Mental health stigma is a major factor preventing people from accessing the care they need, according to new research from King’s College London.

The new study, published in Psychological Medicine, brings together data from 144 studies, including over 90,000 participants worldwide.

Approximately 1 in 4 people have a mental health problem, yet in Europe and the US, up to 75 percent of people with mental health disorders do not receive treatment. For many disorders such as psychosis, bipolar disorder, major depression and anxiety disorders, delaying or avoiding care is associated with worse outcomes.

Professor Graham Thornicroft, from the Institute of Psychiatry (IoP) at King’s College London and senior author of the paper, says: “We now have clear evidence that stigma has a toxic effect by preventing people seeking help for mental health problems. The profound reluctance to be “a mental health patient” means people will put off seeing a doctor for months, years, or even at all, which in turn delays their recovery.”

The study, which was funded by the National Institute for Health Research (NIHR) as a part of the SAPPHIRE Programme, looked at the effect of stigma on how individuals with mental health problems accessed and engaged with formal services, including GPs, specialist mental health services and talking therapies.

The main types of stigma preventing people from accessing care were ‘treatment stigma’ (the stigma associated with using mental health services or receiving mental health treatment) and ‘internalised stigma’ (shame, embarrassment). Other important barriers preventing people seeking help were fear of disclosing a mental health condition; concerns about confidentiality; wanting to handle the problem on one’s own; and not believing they needed help.

The study also identified certain groups for whom stigma had an even stronger effect on preventing people seeking help. These included young people, men, people from minority ethnic groups, those in the military and health professions.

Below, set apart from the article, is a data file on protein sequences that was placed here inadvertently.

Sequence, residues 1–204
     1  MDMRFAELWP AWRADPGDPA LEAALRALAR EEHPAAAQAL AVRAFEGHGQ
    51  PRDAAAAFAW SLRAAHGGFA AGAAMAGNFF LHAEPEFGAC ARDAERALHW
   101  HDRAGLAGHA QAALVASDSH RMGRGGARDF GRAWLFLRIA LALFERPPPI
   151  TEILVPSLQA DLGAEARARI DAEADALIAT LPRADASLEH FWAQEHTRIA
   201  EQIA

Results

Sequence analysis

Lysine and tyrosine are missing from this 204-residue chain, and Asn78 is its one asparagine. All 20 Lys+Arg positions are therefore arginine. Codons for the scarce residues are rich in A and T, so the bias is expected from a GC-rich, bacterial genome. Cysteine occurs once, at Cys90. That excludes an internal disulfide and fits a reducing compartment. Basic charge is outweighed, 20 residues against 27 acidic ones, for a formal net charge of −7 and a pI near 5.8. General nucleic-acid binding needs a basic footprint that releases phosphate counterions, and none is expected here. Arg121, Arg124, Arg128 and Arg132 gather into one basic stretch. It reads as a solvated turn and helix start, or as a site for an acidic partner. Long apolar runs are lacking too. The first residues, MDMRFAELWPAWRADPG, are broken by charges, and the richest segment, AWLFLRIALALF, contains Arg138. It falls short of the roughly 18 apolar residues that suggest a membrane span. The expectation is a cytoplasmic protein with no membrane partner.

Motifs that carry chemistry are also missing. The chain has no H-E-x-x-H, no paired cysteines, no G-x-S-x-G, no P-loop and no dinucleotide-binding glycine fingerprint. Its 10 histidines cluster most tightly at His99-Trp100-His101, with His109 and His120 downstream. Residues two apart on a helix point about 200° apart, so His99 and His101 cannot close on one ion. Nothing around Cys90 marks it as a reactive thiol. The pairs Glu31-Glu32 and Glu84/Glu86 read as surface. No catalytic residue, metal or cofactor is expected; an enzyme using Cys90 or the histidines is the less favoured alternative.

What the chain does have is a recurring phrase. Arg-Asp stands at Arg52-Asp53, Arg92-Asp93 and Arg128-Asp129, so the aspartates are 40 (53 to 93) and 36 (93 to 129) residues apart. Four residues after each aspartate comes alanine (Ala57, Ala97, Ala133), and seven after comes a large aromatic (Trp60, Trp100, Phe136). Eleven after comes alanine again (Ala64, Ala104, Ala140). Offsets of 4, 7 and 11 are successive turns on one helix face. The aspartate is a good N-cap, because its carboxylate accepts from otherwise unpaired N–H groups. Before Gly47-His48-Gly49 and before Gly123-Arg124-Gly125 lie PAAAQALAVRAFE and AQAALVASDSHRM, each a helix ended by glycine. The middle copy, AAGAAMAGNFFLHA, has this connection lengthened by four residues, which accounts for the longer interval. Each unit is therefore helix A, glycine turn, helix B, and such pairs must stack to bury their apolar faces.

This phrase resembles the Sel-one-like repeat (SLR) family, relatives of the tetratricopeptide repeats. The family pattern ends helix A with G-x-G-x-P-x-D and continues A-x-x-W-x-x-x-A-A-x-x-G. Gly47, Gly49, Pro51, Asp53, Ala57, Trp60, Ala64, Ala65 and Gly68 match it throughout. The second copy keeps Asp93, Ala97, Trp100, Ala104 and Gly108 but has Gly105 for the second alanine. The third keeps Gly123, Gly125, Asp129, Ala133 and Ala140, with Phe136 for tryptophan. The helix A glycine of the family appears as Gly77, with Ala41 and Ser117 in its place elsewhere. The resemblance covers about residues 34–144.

Dr Sarah Clement, from the IoP at King’s and lead author of the paper, says: “Our study clearly demonstrates that mental health stigma plays an important role in preventing people from accessing treatment. We found that the fear of disclosing a mental health condition was a particularly common barrier. Supporting people to talk about their mental health problems, for example through anti-stigma campaigns, may mean they are more likely to seek help.”

 

The full paper, “What is the impact of mental health-related stigma on help-seeking? A systematic review of quantitative and qualitative studies”, can be read free of charge for a limited time here.

 

Comments

  1. I can’t say that I’m up-to-date with the happenings you’ve mentioned, but it never ceases to amazing me how ignorant people can be especially when it comes to the topic of mental health. I pride myself in being knowledgeable in that area not only because it’s the field I’m in, but also it because it’s always been something that has been part of my life. My mother has worked in a mental health institute for over 30 years, which I think is what helped open my eyes to what really happens.I may not have a mental illness, but I know plenty of people who do and it can be difficult to reach out and connect. It’s a shame that when people try to reach out via blog, they’re met with such horrible response.

  2. Thanks to blogger Charlotte Porter and kudos to Prof. Sarah Clement of King’s College London and her nine co-authors for highlighting for so many readers a matter so important to not only the mental health of society around the globe but also to the productivity and creativity of innovation and invention in its increasingly knowledge-driven yet distributed economic centers of the workplace. However, while I surmise most of the people represented in this study do work, it was somewhat surprising that employment, employers, and places of employment were not mentioned in the abstract. (I was unable to access the full text of this paper.) There, too, external stigma lurks with its ugly Hydra heads, among co-workers as well as bosses and department heads. Thus a primary reason why a worker might internalize this external stigma and thus to not disclose one’s mental disability to potential health care providers is a fear of losing one’s job — and then of becoming unemployable as one finds out that such stigma keeps one from landing another job. The possibility of such a scenario arising in actuality is not remote when a worker in many countries must take short- or even long-term disability insurance income leave from work with the concurrence of one’s employer authorizing leaves of absence from the workplace in order to receive over the long cumulative time period resulting the decisive help that he or she needs. Thus it is my hope that academia and publishers will branch out, so to speak, and couple the two problems as a mutually interacting system in future studies and platforms when self-disclosures of major mental disabilities are made not only in the process of accessing effective health care and interventions but also in the process of sustaining one’s employment including a continuous presence in the workplace over a career of several decades. If this seems like too daunting a task for study, then perhaps just bite off just a piece of this composite problem and take an ‘out of the box’ look at STEM workers in some particular country or cluster of nations, where STEM = Science, Technology, Engineering and Mathematics.

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